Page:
At the start, I found their bread to be just okay on its own, but the butter they serve it with makes it a worthwhile event. It’s made with cinnamon, nutmeg and honey.

The best thing of the meal for me was the coconut crab cake with thai chili. I know everyone on Yelp swoons about the coconut shrimp, but let’s be honest, how hard is it to nail as a dish? Have you ever had a bad one? Crab cakes on the other hand, are more of a skill test, especially this far from Baltimore. But consider this test aced, because it was friggin awesome. Spicy and sweet. Crunchy and tender. And much lighter than one might think.

On the heavier side, but also very good where the Chicken “Lollipops” rolled in hazelnuts with a jerk remoulade. I’m not exactly sure how you can call a drumstick a lollipop, but I’ll forgive them because they were also pretty damn-tastic.

Down from there, I stole a bite of the crab and avocado salad and found it to be decent, but not quite as nummy as the mentions above.

And the only miss for me was the ahi tuna taco appetizer, served on fried wonton shells with spicy mayo drizzle that was more drizzle than spice. That said, if you ask for a side of that thai dipping sauce from the crab cake and dip the tacos in them, then you’re talkin’.

Being that we were quite full at this point we opted for a half portion of the key lime pie to share and while it is also pretty good, it does fall a touch shy of great, because it lacks the necessary tartness that true key lime pies should have. Luckily it doesn’t go too sweet though either.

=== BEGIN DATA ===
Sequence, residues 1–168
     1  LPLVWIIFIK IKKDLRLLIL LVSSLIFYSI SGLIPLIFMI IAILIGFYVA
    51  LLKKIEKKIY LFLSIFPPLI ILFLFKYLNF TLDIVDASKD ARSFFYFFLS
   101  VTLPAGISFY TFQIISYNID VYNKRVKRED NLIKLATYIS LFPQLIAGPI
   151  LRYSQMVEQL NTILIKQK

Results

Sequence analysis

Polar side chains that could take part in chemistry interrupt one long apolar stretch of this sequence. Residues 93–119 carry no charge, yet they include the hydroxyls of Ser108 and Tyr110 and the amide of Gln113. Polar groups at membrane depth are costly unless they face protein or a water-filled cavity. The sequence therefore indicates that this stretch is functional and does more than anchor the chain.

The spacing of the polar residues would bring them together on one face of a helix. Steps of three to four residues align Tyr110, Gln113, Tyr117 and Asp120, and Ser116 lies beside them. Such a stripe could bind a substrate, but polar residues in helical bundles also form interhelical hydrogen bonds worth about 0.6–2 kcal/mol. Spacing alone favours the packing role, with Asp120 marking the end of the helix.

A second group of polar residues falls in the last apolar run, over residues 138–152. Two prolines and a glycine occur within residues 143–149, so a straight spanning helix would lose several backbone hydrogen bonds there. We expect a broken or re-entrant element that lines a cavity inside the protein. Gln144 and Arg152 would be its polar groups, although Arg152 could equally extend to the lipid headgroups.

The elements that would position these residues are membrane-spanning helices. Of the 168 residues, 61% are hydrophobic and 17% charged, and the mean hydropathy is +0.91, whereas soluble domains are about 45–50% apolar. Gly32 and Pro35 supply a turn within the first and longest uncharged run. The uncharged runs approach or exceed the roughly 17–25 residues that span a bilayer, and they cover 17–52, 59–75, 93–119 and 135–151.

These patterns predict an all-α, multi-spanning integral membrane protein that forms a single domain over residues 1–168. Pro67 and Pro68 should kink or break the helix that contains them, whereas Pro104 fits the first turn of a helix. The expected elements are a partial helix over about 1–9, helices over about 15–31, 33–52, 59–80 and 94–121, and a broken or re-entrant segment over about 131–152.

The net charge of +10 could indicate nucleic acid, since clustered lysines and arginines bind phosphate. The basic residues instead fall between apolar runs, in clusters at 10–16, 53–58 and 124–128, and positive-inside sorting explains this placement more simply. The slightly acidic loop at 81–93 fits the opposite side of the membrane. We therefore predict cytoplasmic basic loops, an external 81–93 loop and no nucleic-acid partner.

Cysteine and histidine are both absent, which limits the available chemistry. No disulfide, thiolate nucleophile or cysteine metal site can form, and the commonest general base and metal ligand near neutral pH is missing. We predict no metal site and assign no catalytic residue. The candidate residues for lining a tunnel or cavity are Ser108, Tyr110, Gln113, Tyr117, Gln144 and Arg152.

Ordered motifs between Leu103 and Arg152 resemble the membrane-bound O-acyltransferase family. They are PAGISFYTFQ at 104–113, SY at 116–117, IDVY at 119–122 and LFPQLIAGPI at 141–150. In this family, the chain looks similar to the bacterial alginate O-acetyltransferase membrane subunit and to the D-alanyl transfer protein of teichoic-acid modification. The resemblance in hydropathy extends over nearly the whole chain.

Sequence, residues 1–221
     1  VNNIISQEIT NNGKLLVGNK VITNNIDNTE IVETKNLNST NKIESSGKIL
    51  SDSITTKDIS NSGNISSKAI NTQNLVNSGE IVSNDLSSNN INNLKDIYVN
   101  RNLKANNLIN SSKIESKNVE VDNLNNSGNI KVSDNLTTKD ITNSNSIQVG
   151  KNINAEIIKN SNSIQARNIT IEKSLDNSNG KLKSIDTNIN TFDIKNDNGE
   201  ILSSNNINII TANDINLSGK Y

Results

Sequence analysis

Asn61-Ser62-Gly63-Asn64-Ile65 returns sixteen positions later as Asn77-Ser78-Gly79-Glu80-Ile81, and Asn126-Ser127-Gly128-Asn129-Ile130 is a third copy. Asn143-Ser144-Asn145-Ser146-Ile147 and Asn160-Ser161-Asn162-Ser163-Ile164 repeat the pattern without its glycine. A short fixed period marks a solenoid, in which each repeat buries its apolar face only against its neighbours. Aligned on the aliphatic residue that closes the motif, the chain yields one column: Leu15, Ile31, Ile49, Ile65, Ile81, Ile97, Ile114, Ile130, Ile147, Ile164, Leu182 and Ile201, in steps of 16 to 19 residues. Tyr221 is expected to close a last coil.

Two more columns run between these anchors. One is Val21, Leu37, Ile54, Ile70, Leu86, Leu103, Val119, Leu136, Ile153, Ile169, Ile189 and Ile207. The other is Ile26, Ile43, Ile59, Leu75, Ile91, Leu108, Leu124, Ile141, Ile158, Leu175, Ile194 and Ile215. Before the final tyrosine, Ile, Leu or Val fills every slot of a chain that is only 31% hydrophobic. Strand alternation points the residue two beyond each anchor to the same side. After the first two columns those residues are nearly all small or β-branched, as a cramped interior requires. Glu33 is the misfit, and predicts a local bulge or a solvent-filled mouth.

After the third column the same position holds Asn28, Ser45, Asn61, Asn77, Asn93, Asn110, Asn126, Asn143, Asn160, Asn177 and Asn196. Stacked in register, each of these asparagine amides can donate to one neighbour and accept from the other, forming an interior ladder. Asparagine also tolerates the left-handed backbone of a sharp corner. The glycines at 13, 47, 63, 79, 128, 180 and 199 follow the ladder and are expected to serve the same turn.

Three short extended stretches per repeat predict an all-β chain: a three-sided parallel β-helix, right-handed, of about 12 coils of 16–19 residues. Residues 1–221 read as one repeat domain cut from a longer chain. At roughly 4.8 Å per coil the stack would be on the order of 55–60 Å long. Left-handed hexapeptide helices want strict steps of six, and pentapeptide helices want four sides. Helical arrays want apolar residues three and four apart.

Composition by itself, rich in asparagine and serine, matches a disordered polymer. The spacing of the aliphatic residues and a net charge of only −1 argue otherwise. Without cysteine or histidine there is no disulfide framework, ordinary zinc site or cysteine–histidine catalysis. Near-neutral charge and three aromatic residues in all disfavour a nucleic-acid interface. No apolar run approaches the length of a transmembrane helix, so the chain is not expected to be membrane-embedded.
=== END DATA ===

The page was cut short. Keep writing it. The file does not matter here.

So skip the Hawaiian shirts and the tuna tacos and you are poised to have yourself a Bahelluva good meal.

3 teeth

David Burke Fabrick

Archer Hotel 47 W 38th St. New York, NY 10018 (212) 302-3838 • davidburkefabrick.com

Chocolate-hazelnut Burke-n' Bag at the David Burke fabrick restaurant in New York, June 11, 2014. (Samira Bouaou/Epoch Times)

While there’s definitely some truth in the old saying “the clothes make the man,” sadly it doesn’t work that way for restaurants. If it did, I believe I would be giving Fabrick much higher marks for their trendy, conceptual twist playing off of its Garment District locale with desserts like their chocolate purse thingy (pictured) all the way down to the smallest details such as a fabric swatch cocktail menu.

Speaking of which, I highly recommend the Honey Badger. No, not the badass scavenger on YouTube that doesn’t give a shit. The spring 44 honey infused vodka cocktail that goes down so easy you’ll down two or three without giving a shit either. Made all the tastier with lemon, cinnamon agave and black pepper.